W3C home > Mailing lists > Public > public-webcrypto@w3.org > February 2013

Re: Registries and Interoperability

From: Ryan Sleevi <sleevi@google.com>
Date: Fri, 8 Feb 2013 11:45:43 -0800
Message-ID: <CACvaWvZ5xy2HQNssuv-vcUqq=3roe9sn_tfzQx5j5PZ7cuYfTQ@mail.gmail.com>
To: Harry Halpin <hhalpin@w3.org>
Cc: Arun Ranganathan <arun@mozilla.com>, GALINDO Virginie <Virginie.GALINDO@gemalto.com>, "public-webcrypto@w3.org" <public-webcrypto@w3.org>
On Fri, Feb 8, 2013 at 11:30 AM, Harry Halpin <hhalpin@w3.org> wrote:
> On 02/07/2013 10:48 PM, Arun Ranganathan wrote:
>
>
> On Feb 7, 2013, at 12:27 PM, Harry Halpin wrote:
>
> No, the process I suggested generally would involve handing off after the
> lifetime of a WG the following two items:
>
> 1) maintaining security considerations per identifier to the CFRG, which
> operate on a public list
> 2) maintaining requests for a new algorithm identifiers in a public
> registry, with requests on a public list and the test-cases being publican
> accessible.
>
> Some may consider this sensible as the crypto landscape does change and will
> thus likely change after the lifespan of this WG.
>
>
>
> It is true that much of the process behind WebApps and HTML is bolstered by
> the fact that we don't envision these WGs as ever really "closing" (which
> might be like saying the web's done).  I'm wondering if W3C might be
> amenable to another model that doesn't involve re-chartering a WG, but does
> allow for spec and/or document maintenance, which is what draws me to the
> WHATWG, which is another option, if there's a willing editor.
>
> For instance, new identifiers (2. above) reminds me of the potentially
> ongoing problem of DOMException and DOMError.  Both WHATWG DOM Spec [1] and
> the DOM4 [2] specification in W3C cite the W3C Bug Database as a way of
> adding new exception codes, if necessary (the latest added one comes from
> File API, namely EncodingError).   I'm not sure we can totally classify
> DOMException and DOMError as "done" for all time.  I think it's likely to be
> the same with Web Crypto, since saying anything security related is "done"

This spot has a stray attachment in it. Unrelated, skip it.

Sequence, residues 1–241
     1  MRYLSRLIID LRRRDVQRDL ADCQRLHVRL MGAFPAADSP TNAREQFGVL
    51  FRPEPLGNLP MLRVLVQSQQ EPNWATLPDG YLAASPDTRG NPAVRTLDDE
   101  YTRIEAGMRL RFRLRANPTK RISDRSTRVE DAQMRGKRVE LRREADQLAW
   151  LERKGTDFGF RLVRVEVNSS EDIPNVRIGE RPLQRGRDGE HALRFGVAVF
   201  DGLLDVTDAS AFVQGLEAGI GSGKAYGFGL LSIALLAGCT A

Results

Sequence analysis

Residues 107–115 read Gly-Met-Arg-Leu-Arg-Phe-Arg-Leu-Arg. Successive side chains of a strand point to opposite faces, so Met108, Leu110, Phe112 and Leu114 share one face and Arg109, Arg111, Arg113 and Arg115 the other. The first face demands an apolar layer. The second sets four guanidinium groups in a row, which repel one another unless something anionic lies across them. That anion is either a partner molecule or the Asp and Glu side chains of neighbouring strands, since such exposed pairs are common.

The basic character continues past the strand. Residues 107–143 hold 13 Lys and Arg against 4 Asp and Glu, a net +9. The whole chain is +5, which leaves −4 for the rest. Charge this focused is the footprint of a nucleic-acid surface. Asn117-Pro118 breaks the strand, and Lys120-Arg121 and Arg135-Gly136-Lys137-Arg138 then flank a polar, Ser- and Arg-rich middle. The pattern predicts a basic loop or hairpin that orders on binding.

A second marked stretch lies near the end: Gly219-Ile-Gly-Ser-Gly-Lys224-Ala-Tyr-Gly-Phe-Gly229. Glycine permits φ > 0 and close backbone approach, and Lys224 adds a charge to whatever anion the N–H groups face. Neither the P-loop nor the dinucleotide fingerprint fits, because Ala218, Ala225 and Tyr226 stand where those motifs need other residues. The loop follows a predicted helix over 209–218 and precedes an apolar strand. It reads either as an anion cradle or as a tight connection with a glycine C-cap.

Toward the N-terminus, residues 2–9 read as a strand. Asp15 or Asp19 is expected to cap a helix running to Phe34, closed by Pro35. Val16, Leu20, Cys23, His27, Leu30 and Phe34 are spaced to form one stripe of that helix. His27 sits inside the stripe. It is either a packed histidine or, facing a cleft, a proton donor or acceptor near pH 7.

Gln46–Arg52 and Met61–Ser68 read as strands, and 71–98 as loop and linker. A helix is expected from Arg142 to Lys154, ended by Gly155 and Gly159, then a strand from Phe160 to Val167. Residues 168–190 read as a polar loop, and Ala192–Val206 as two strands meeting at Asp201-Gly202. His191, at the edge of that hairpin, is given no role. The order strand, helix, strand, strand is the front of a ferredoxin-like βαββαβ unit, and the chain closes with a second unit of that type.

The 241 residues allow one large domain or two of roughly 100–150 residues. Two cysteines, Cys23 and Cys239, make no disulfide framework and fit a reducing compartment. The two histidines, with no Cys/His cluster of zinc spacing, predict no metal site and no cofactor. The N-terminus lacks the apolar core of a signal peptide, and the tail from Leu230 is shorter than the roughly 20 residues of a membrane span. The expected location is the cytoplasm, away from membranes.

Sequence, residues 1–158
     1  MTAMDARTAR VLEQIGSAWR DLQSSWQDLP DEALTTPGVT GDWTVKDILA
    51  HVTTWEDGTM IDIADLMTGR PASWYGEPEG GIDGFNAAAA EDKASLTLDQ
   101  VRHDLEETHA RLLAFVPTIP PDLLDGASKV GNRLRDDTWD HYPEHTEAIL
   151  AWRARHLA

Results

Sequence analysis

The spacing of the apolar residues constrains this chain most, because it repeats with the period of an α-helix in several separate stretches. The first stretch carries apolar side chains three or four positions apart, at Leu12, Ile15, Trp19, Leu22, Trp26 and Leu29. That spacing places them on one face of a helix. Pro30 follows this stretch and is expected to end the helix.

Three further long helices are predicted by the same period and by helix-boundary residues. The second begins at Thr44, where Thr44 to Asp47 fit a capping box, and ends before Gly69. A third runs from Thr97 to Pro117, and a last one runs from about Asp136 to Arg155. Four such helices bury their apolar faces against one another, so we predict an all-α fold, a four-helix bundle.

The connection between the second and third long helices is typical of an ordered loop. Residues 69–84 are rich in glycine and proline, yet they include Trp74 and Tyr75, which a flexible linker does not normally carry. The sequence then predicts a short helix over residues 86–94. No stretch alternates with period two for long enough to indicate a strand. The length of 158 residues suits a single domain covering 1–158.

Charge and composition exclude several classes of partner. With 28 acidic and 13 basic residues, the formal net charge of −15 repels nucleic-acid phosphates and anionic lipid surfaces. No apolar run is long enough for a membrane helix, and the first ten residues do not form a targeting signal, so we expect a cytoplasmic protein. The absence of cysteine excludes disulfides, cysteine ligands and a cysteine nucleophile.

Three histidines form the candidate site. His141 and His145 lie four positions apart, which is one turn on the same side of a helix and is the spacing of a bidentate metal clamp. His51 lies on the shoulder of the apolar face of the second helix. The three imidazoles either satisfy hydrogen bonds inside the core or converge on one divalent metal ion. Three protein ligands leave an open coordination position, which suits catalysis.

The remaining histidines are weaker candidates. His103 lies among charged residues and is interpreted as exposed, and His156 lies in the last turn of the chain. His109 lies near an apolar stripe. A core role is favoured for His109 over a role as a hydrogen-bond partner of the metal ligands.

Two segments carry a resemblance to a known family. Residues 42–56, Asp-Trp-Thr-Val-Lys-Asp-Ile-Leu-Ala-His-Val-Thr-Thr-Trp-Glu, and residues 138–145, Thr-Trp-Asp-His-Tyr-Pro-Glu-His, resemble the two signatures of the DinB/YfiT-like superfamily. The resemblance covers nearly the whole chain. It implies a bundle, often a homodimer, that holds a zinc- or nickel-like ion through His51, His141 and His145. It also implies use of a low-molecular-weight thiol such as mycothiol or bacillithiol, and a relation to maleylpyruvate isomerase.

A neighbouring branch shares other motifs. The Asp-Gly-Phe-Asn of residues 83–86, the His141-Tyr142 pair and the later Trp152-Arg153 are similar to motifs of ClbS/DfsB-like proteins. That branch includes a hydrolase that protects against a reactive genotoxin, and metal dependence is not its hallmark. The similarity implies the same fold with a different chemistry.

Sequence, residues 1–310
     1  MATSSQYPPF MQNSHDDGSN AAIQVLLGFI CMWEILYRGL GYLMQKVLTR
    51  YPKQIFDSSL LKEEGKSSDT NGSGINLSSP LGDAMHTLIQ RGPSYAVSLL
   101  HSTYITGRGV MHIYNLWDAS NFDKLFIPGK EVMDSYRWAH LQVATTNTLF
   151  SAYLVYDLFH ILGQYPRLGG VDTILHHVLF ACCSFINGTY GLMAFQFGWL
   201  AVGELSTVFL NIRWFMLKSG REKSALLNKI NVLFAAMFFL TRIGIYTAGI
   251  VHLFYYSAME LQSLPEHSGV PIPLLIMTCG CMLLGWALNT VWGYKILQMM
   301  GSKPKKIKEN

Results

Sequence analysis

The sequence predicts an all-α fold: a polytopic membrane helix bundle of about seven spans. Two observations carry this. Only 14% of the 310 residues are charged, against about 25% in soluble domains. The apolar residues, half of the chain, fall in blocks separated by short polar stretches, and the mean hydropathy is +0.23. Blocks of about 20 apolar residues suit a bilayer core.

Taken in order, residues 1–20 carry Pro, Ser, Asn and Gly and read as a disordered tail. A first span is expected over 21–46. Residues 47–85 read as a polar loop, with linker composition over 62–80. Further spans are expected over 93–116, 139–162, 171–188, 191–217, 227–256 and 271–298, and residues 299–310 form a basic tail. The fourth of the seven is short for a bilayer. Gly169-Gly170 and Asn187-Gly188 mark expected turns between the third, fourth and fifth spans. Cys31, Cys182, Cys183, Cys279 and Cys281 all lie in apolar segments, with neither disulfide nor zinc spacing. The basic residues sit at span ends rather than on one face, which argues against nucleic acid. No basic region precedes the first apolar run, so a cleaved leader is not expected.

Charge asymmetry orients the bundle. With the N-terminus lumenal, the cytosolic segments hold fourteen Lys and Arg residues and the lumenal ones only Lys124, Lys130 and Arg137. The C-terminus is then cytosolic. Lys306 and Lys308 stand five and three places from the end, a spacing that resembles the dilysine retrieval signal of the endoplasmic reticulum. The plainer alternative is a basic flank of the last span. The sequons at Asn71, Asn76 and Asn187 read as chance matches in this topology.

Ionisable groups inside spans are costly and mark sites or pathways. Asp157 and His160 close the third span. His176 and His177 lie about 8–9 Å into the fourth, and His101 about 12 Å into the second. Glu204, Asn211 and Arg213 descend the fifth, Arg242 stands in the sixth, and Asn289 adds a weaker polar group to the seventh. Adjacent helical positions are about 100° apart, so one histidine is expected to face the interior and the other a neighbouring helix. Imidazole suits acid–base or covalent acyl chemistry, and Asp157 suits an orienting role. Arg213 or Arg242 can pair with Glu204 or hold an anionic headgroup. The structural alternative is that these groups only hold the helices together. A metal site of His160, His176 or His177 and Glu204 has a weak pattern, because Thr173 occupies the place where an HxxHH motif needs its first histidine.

> is unwise, as is the assumption that further algorithms won't proliferate.
>
> Instead of a registry, can we do something like active bug discussions, and
> keep *public active?  This is what makes WHATWG attractive, but I understand
> that patent considerations might limit the merits of merely migrating there.
>
>
> When a WG closes, public-webcrypto@w3.rg closes as the WG is closed. The
> comments list can stay open.
>
> My feeling here is that of course we can keep the Bug Database open, and I
> hope we do so, as well as the test-suite.
>
> However, that's not the cases that have been brought up. The two cases are:
>
> 1) A web developer wants to see if a new experimental algorithm identifier
> can be added. That could be done in the Bugzilla, but that might be hard to
> discover/reference amongst other bugs - and then text needs to be clear
> about that as a use of the Bugzilla. A registry might be easier. But maybe
> not.
>
> 2) A web developer needs to know the security considerations for an
> algorithm identifier. I think CFRG should handle that rather than our API,
> and we should explicitly point to them in our API documents as well as the
> "larger cryptographic literature".

As I pointed out on our last call and on the list in the past, I do
not believe our API documents should have any considerations on the
algorithms. This solves your problem, does it not?

In discussing with a variety of people in the cryptographic community,
the discussion has been less about enumerating every algorithm's
considerations and more about highlighting the fact that these are
low-level primitives that MAY be deployed incorrectly, and thus care
and caution must be exercised.

In discussing with people like Professors Kenny Paterson and Dan
Boneh, along with people from Microsoft and Mozilla, the consensus
seems to be that if we're going to include low-level primitives (which
has been the ongoing momentum since FPWD), it is sufficient to mark
them as 'subtle', with language to indicate that unless you're part of
the crypto-priesthood, or implementing something that the
crypto-priesthood has deigned acceptable (eg: any of the protocols out
there that are desirable to implement), then that's a "sufficient"
consideration.

This has already been incorporated in the latest ED - see
https://dvcs.w3.org/hg/webcrypto-api/rev/17347680f504 . While I
certainly don't know whether that will satisfy Dr. Rivest, everyone I
talked to about the subtle proposal was satisfied from a
considerations point of view.


>
> Again, having W3C liason with CFRG, IANA, and so on takes time, which is why
> this is being brought up now :) W
>
>    cheers,
>     harry
>
>
>
>
>
> -- A*
>
> [1] "Note: If an error name is not listed here, please file a bug as
> indicated at the top of this specification and it will be addressed shortly.
> Thanks!" http://dom.spec.whatwg.org/#error-names-0
>
> [2] "If an error name is not listed here, please file a bug as indicated at
> the top of this specification and it will be addressed shortly. Thanks!"
> https://dvcs.w3.org/hg/domcore/raw-file/tip/Overview.html#exception-domexception
>
>
>
>
>
Received on Friday, 8 February 2013 19:46:11 GMT

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